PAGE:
By Rick Dandes
The Daily Item
NORTHUMBERLAND — Emotions ran high at Tuesday’s Borough Council meeting as members disagreed over whether Clifford “Butch” Kriner should be named “acting” or “permanent” police chief to replace Tim Fink, who earlier in the evening had tendered his resignation.
At one point, the normally calm Mayor Len Zboray, who strongly pushed for Kriner to get the job, stormed out of the meeting room, saying, “I have one thing to say. I’ve lived here 64 years. What this council is doing to my borough is upsetting.”
Zboray said in no uncertain terms that Kriner was “the best man for the job. He has all the qualifications that will make him a great police chief.”
He also cited recommendations by Fink and Point Township Police Chief Joshua Vankirk. Fink resigned as borough chief to join the Point Township department.
After listening to Zboray, the council abruptly went into executive session for close to an hour. When the members returned, Councilman Ty Sees made a motion to hire Kriner as “acting” police chief, angering many in the audience, who were there in support of Kriner.
Sees and others on the council said they were urging caution.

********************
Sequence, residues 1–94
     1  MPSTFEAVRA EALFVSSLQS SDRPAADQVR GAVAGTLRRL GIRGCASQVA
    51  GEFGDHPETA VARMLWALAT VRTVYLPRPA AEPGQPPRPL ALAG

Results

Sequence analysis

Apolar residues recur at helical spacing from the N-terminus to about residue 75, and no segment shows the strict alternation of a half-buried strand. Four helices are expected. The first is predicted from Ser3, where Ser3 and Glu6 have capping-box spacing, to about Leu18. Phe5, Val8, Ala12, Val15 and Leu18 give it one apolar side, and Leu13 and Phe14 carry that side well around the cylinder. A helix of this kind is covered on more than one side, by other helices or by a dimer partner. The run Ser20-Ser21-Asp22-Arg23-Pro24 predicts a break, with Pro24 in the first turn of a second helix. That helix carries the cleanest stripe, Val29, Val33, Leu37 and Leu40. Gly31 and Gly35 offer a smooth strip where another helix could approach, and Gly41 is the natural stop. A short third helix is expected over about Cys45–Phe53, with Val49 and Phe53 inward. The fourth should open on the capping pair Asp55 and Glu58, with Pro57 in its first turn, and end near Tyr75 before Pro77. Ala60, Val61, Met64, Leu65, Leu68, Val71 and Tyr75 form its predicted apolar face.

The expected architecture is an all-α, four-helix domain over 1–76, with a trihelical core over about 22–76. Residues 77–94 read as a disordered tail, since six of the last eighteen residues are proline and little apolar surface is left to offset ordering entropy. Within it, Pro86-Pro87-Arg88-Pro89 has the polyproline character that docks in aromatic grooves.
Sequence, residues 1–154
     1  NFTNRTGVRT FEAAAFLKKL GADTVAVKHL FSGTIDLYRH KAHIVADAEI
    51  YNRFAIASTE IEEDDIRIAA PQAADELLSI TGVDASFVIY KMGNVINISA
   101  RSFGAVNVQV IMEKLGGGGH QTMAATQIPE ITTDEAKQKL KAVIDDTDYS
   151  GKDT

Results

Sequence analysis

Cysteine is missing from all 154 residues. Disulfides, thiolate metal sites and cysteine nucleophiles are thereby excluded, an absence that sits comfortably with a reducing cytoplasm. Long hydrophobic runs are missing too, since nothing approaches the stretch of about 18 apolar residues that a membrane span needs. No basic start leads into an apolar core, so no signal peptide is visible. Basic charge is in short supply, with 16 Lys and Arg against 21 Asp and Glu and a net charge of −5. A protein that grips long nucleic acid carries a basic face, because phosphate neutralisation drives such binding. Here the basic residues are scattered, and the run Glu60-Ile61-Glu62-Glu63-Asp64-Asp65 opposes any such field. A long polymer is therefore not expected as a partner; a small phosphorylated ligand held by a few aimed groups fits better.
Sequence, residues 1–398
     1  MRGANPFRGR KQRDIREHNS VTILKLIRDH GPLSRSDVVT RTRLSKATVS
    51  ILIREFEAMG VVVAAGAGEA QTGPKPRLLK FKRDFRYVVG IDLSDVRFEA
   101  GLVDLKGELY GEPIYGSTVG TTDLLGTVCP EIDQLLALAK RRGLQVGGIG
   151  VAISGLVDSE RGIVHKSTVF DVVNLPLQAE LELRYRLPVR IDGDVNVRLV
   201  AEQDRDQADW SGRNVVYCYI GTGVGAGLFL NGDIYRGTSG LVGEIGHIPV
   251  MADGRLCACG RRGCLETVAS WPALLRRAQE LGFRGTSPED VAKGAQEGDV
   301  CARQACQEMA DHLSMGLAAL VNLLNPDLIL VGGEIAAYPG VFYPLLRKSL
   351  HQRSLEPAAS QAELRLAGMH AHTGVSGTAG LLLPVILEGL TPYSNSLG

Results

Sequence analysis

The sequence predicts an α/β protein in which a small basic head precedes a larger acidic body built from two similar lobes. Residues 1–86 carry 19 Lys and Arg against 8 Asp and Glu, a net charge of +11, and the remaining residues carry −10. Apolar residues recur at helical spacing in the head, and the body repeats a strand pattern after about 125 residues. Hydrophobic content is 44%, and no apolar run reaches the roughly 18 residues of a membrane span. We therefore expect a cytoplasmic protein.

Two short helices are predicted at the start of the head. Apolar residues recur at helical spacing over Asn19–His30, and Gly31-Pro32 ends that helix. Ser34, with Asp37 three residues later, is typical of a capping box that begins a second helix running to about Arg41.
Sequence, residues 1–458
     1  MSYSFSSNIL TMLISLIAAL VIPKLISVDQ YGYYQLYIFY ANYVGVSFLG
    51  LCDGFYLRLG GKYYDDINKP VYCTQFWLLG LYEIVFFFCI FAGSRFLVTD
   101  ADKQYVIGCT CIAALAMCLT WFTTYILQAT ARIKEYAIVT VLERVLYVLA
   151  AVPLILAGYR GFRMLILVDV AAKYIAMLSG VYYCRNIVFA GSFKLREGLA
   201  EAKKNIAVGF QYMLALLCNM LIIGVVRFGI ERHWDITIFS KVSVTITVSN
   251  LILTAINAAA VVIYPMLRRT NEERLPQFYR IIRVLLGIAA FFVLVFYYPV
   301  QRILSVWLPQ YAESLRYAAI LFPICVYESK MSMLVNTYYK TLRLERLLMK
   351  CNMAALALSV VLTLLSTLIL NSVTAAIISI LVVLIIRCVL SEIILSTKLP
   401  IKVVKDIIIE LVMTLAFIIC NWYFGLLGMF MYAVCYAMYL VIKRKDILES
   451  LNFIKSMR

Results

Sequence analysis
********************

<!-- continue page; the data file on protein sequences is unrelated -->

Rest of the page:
Councilman Adam Klock said the idea of naming Kriner acting chief was based on their desire to “slow up the process and make sure that we put in writing a list of expectations for the new chief. It’s not that we don’t think he’s the right person. But in hiring him as an interim chief, we wanted to clearly define what his role will look like.”
Zboray and Councilmen Greg Carl and Frank Wetzel — who also briefly walked out of the meeting room in protest — disagreed strongly with Klock.
“Kriner should be chief,” Carl said. “Period.”
After Zboray and Wetzel left the room, Kriner’s wife, Barbara, stood up and made an impassioned speech on behalf of her husband.
Practically in tears, she said: “I don’t get it. My husband has shown 23 years of leadership. He is the most honest, trustworthy person that anyone will ever meet. He gives everything he has for this community, which he loves, working his way up from a patrolman to sergeant. What more do you people need in a chief to run your borough?”
There is no room for playing politics when it comes to picking a police chief, she continued. “He is the best person for the job, and everyone here in this room knows it.”
About 20 people, including several police officers, applauded her speech.
Meanwhile, Zboray and Wetzel returned to the room.
Zboray apologized for losing his temper, “something I don’t often do.”
A motion was made to remove the word “acting” from the title and name Kriner the chief. This motion passed 6-1.
Kriner, 45, stood quietly in the back of the room as fellow officers and friends patted his back and hugged him.